Park Hee-byung

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Park Hee-byung
Hangul 박희병
Revised Romanization Bak Hui-byeong
McCune–Reischauer Pak Hŭibyŏng
Pen name
Hangul 성천
Revised Romanization Seongcheon
McCune–Reischauer Sŏngch'ŏn

Park Hee Byung (1871, Gangwon, Korea – June 13, 1907, Denver, Colorado) was a Korean independence activist and one of the first Korean immigrants to the U.S. state of Colorado.[1]

Life and death[edit]

Park first came to the United States in 1900 with Yi Gang, fifth son of Emperor Gojong; the two studied together at Roanoke College in Salem, Virginia.[1] After his graduation, Park established a mining school in his homeland, but soon returned to North America, where he first went to Mexico in August 1905 before coming to Colorado in January 1906. He rose to prominence as a local community leader there along with Yun Byeong-gu and his nephew Pak Yong-man, helping to organise Denver-area Koreans for the Korean independence movement. He hoped to campaign for Korea's freedom at the 1908 Democratic National Convention, but was killed under mysterious circumstances in a suspected assassination in 1907 and buried in an unmarked grave at Denver's Riverside Cemetery, where he lay forgotten for almost a century.[2][3]

Discovery of grave[edit]

In 2003, South Korean scholars doing research on immigration to the United States found records about Park in Korea and began to look through Denver cemetery records in an attempt to find him. After his burial site was identified, the local Korean American association held a ceremony in October 2007, during which they erected a new $3,000 granite headstone with a bilingual epitaph describing Park's life and accomplishments; 50 people attended the ceremony, including South Korean consul general Koo Bon-woo.[4]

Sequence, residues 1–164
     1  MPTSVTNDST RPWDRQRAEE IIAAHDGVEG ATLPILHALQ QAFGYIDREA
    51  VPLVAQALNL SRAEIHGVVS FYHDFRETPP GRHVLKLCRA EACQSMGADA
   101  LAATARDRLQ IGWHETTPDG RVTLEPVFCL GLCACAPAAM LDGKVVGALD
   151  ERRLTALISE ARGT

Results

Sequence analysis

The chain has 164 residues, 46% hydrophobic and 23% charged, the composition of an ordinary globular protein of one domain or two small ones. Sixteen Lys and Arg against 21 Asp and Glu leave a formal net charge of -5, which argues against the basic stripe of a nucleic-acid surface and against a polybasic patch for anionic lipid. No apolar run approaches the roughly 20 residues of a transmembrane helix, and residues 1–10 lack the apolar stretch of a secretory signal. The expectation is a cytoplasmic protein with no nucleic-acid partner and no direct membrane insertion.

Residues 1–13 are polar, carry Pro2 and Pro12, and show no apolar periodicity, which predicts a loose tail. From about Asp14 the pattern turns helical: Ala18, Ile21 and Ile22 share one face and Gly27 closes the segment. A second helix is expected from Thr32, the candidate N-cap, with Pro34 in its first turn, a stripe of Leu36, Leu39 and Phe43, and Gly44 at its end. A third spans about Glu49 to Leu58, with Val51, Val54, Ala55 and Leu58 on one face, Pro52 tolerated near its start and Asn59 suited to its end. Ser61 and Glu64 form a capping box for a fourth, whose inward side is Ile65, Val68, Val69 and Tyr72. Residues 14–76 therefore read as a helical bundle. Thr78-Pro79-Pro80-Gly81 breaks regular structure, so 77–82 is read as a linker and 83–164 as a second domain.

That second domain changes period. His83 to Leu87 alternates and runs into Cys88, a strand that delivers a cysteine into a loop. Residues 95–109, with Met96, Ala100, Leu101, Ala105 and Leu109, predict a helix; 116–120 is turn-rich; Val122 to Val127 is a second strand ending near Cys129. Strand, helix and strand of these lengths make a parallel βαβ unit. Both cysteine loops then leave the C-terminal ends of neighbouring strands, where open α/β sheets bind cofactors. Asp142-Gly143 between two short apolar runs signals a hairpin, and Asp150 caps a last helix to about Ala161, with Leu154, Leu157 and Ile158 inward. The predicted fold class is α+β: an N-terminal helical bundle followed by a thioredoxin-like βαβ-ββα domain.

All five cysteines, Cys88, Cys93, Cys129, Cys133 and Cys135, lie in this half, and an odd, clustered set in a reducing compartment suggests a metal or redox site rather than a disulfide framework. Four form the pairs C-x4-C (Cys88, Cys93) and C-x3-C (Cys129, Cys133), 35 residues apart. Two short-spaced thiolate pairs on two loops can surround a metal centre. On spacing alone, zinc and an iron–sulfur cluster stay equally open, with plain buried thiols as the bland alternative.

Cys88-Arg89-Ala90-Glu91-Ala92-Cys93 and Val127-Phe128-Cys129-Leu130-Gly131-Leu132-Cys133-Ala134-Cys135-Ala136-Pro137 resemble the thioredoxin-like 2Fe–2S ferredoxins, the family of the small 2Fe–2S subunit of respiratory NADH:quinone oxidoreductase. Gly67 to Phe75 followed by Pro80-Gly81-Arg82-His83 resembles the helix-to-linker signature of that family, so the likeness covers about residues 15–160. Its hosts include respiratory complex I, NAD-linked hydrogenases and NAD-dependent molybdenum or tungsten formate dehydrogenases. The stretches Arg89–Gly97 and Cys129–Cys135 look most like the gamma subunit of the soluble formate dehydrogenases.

1. ^ a b Nam, Gi-tae (2007-10-15). "덴버광역한인회-박희병 지사 묘비 제막식 (Denver metropolitan area Korean association holds grave unveiling ceremony for Bak Hui-byeong)". Korea Daily (in Korean). Retrieved 2007-11-28. [dead link]
  2. ^ Gang, Man-hui. "국외독립운동시설: 박희병 묘소 (Overseas independence activities: grave of Bak Hui-byeong)". Ministry of Patriots' and Veterans' Affairs, Republic of Korea. Retrieved 2007-11-28. 
  3. ^ McGhee, Tom (October 14, 2007). "Korean-Americans honor their roots". Denver Post. Retrieved 2007-11-28. 
  4. ^ Kerwin Mccrimmon, Katie (October 13, 2007). "Pioneer Korean immigrant to get his due: 100 years after his death, activist gets grave marker". Rocky Mountain News. Archived from the original on 2007-10-14. Retrieved 2007-11-28.